F. Kennedy. In the process, he built a thriving enterprise of his own.
On the original BE 100S, Earl G. Graves Ltd. grossed $1.7 million, revenues generated solely by this publication. Today, the concern has sales of $55.5 million and has expanded into such arenas as interactive media, entrepreneurial and professional conferences, and private equity investing.
His agenda for the future: wealth building. As part of the magazine’s 30th Anniversary, the 67-year-old CEO created The Black Wealth Initiative, a financial literacy program featuring the BE Declaration of Financial Empowerment, a document promoting 10 principles to help readers master money management. “I can think of nothing that is more important for our magazine to focus on going forward,” says Graves. “By leading the charge as African Americans save and invest for themselves and their family, we can bridge the wealth gap and carve a path for future generations.”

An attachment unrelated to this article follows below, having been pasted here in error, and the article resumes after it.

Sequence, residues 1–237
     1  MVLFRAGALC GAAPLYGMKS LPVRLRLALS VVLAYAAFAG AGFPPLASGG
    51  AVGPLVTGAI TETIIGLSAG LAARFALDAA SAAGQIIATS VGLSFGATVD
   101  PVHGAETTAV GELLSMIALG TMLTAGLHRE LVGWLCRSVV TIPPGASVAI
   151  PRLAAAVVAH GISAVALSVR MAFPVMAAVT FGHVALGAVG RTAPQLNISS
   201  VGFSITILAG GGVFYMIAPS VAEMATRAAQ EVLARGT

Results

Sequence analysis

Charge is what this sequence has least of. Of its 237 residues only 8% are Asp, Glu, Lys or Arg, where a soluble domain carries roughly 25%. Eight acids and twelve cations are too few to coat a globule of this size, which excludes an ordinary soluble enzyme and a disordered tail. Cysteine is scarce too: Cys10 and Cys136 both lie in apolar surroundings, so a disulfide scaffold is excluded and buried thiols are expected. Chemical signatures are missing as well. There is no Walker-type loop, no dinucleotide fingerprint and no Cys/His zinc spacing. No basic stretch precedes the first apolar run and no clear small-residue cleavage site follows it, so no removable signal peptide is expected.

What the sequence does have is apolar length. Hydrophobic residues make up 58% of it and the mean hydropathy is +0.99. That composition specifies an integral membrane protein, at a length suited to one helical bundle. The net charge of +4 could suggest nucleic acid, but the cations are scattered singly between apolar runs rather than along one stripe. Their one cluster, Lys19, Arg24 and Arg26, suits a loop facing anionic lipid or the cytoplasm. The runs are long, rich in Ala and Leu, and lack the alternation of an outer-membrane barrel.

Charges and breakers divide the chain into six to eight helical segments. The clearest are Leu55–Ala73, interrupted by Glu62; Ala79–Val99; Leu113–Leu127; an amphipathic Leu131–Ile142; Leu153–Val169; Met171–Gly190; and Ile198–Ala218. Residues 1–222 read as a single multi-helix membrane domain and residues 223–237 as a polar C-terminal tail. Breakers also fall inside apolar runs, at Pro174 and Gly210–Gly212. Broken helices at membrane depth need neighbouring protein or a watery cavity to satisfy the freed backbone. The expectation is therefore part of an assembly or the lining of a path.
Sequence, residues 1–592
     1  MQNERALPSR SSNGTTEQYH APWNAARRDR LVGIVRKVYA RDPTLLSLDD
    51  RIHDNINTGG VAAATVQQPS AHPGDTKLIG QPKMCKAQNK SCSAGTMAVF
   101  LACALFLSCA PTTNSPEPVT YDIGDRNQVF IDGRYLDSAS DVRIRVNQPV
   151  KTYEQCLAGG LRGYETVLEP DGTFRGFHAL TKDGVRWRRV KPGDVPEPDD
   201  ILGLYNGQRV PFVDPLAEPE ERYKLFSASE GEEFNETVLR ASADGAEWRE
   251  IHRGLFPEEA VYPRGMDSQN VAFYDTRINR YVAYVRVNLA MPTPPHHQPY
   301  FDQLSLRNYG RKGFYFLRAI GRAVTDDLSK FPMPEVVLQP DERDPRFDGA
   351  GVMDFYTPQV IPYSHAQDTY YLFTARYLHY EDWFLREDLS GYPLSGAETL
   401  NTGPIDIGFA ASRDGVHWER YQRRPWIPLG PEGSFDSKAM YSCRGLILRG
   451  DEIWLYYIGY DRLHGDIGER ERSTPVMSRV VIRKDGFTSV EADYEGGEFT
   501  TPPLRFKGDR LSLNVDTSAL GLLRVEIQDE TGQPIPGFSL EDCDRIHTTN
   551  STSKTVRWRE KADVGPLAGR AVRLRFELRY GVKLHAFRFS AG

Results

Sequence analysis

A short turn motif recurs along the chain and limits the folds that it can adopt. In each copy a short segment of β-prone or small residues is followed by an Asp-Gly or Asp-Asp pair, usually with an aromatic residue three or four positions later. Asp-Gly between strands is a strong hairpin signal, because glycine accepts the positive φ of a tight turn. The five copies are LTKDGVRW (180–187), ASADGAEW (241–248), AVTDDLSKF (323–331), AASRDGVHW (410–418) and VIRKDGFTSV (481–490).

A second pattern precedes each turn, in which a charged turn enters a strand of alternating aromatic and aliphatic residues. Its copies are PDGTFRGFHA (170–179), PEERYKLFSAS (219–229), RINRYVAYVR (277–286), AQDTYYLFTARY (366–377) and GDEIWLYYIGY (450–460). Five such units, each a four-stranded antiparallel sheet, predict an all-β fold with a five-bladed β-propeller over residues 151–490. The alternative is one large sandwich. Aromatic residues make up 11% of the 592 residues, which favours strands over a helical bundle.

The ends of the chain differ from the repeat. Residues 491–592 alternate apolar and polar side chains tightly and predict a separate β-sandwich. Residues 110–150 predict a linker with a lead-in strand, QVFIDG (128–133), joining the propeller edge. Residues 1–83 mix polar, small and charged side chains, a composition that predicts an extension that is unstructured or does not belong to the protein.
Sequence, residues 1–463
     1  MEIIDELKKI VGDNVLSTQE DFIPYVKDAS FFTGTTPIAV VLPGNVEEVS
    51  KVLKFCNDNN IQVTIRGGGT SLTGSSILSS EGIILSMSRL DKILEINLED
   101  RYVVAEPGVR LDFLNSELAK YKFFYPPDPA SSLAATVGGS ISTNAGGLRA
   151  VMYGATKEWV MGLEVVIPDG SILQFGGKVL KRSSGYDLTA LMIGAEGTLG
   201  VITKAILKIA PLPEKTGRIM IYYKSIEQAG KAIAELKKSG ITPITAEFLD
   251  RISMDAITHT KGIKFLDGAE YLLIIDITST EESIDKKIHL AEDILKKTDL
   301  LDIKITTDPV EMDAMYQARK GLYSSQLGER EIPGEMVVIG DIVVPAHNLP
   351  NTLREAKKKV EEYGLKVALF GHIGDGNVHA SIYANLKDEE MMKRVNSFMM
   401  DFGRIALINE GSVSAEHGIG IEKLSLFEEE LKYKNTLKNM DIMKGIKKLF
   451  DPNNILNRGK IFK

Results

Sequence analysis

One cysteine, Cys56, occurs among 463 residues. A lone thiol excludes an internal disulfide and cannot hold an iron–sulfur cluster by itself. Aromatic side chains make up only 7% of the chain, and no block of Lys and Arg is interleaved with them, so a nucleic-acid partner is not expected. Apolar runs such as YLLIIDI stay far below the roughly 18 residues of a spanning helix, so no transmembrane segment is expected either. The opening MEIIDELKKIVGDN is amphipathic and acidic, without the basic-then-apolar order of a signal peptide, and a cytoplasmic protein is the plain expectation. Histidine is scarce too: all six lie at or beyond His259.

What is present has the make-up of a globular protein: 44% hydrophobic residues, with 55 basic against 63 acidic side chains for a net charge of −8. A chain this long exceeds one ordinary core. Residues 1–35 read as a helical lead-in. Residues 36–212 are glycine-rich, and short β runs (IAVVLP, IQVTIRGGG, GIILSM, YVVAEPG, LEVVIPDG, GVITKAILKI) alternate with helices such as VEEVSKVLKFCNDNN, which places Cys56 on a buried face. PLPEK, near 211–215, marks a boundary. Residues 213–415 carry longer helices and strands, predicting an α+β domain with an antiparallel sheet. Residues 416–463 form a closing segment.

He has ample help realizing that vision. The company has always been a family affair. In the beginning, he was assisted by Barbara Graves, his wife of 42 years, who served in various positions within the organization. Today, day-to-day management is handled by his sons, Earl “Butch” Jr., 40, president and COO of BE; John, 39, the head of Black Enterprise Unlimited; and Michael, 35, who oversees business interests outside of the publishing venture. “Including my sons, we have a number of capable managers who will help us expand in the future,” he says. “Our best history is in front of us.”